Josh Johnson (0.5 vs -1.6)

I don't have any strong feelings one way or the other with Johnson. One metric says he was bad, and the other says he was really, really bad. For Johnson, the biggest outliers for this past season were his HR rate (1.66 HR/9 vs career average of 0.67 HR/9) and BABIP (.356). Going forward, his effectiveness will have more to do with his health than anything else.

Bronson Arroyo (0.8 vs 2.5)

Leaning toward the fWAR. Arroyo benefited from some good luck: he had a very low BABIP (.267) and a career high in percentage of runners left on base (77.9%). Also, the Reds bullpen was very good a preventing inherited runners from scoring. All of these factors have a high probability of regressing back toward league-average, so treat Arroyo's nice-looking ERA and rWAR with caution.

Dan Haren (1.5 vs -0.1)

Leaning toward rWAR. He faced rather weak competition this season as much of the NL East (Marlins, Mets, Phillies) was fairly terrible offensively. Still, he gave up a lot of runs throughout the year. There is some evidence that these runs were due to bad pitching rather than bad luck. He had his worst flyball rate, line drive rate, home run rate of his career; further, those numbers have been trending the wrong way the past few years. Opponents had a .760 OPS against last year as well.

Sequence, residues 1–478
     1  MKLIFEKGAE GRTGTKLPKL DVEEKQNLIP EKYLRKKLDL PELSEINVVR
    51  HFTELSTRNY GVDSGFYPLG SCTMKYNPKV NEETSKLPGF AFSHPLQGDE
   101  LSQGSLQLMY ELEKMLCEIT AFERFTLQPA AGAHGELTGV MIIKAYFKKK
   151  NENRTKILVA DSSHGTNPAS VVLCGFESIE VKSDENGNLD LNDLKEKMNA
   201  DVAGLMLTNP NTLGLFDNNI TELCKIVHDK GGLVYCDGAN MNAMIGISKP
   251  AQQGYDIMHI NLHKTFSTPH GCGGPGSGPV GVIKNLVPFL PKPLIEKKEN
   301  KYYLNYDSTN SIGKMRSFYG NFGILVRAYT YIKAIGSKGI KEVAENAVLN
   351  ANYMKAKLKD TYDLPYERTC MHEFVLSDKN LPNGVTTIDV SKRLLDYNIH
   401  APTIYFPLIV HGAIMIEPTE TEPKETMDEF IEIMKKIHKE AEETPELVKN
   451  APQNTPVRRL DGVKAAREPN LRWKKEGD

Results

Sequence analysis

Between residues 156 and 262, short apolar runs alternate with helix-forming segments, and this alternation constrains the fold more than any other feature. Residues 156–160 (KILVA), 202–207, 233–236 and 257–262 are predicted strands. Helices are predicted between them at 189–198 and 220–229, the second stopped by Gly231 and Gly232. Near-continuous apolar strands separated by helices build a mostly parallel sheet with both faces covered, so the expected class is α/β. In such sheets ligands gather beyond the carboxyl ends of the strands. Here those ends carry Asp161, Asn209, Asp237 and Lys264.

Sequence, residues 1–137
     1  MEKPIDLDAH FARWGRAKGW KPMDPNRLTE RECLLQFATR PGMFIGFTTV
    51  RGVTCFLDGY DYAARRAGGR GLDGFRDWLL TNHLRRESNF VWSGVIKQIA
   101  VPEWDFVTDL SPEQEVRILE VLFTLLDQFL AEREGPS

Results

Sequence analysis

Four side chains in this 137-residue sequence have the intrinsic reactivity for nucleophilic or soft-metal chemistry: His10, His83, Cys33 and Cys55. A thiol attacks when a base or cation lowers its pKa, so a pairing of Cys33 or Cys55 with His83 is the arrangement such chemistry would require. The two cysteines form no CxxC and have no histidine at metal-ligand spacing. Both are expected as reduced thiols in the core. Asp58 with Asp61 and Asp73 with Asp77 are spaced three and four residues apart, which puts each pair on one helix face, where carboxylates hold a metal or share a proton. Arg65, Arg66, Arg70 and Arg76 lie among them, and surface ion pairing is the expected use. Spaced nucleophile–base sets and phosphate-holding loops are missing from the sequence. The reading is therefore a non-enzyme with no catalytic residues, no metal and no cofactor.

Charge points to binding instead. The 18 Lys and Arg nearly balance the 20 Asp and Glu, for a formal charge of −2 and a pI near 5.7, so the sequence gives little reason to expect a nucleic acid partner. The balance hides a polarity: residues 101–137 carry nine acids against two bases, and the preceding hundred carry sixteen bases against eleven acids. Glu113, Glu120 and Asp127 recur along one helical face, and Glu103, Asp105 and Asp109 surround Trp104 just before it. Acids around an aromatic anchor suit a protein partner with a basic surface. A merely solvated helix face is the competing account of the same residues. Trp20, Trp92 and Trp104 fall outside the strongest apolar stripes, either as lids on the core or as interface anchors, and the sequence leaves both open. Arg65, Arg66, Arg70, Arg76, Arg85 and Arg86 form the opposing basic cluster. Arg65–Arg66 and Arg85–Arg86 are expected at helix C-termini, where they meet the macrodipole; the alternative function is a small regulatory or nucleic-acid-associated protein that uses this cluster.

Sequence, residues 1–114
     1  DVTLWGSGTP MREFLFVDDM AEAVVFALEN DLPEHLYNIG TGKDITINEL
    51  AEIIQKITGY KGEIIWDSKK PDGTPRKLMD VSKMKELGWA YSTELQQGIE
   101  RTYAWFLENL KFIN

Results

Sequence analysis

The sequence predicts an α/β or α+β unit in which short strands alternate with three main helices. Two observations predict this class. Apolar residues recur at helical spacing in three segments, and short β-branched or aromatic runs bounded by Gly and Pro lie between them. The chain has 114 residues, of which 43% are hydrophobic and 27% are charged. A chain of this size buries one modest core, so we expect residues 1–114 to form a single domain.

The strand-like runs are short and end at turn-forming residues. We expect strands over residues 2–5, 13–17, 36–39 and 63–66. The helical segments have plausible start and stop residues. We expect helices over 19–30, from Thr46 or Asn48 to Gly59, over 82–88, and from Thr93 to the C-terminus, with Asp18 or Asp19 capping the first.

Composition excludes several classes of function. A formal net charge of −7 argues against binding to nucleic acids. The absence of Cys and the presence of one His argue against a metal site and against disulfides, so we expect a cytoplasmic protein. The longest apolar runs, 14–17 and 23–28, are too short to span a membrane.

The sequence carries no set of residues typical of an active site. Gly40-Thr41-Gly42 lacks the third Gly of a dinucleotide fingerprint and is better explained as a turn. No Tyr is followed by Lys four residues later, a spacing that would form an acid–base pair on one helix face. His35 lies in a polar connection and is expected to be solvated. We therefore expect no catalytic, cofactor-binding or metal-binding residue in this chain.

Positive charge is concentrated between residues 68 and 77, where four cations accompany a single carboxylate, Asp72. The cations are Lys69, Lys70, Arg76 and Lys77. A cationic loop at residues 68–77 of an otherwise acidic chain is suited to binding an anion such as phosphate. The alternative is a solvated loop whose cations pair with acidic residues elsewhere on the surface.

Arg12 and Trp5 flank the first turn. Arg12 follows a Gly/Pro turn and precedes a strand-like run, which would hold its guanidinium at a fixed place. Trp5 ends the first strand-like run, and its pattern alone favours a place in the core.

Scott Kazmir (2.5 vs 1.1)

Split the difference. Kazmir had one of the easiest opponent schedules of all AL pitchers - 10 of his 29 starts were against the Royals and the Twins, and 8 of his other starts were against a combination of the Astros (2), Mariners (2), Phillies, Mets, White Sox and Marlins. Overall, only two pitcher who threw more that 100 IP has a lower opponent rating that Kazmir, and they were his teammates Ubaldo Jimenez and Corey Kluber. By comparison, Chris Tillman of the Orioles started 15 games against the Red Sox (6), Blue Jays (5) and Rays (4).

On the other hand, Kazmir had a very high BABIP (.324). So their is a reasonable argument to be made that he was unlucky throughout the year and potentially gave up more runs than he should.

Overall, I think that Kazmir's weak competition boosted his FIP stats, which increased his overall fWAR more than it should be. For anyone interested in adding Kazmir to the Twins's staff, taking out Kazmir's 5 starts against the Twins degrades all of his FIP stats:


2013 w/o Twins










Ricky Nolasco (3.0 vs 1.8)

I'm leaning toward the fWAR. It appears that the difference in value is based almost entirely on one start toward the end of the season when he gave up 7 runs in 1.1 innings. This game was an epic disaster for Nolasco, but not entirely his fault as there were 2 errors behind him. Anyway, this is a good example of the limitations of the rWAR system, as this one bad outing cut roughly ⅓ of Nolasco's value for the season.